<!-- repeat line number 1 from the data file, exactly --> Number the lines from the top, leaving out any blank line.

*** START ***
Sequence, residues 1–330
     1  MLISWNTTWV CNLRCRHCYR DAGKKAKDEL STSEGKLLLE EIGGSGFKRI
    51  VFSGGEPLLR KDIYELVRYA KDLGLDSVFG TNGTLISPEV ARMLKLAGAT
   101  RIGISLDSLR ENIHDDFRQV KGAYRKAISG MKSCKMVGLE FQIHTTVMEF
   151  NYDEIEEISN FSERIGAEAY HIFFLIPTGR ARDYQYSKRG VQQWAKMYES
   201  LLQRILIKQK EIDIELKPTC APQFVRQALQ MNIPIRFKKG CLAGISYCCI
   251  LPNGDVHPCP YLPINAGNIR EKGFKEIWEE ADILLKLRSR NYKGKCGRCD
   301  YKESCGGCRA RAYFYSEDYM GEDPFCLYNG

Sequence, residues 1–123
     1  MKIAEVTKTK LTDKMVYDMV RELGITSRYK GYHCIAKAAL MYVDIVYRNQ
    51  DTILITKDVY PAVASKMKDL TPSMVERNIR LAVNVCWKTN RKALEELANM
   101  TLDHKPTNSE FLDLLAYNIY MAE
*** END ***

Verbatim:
Sequence, residues 1–330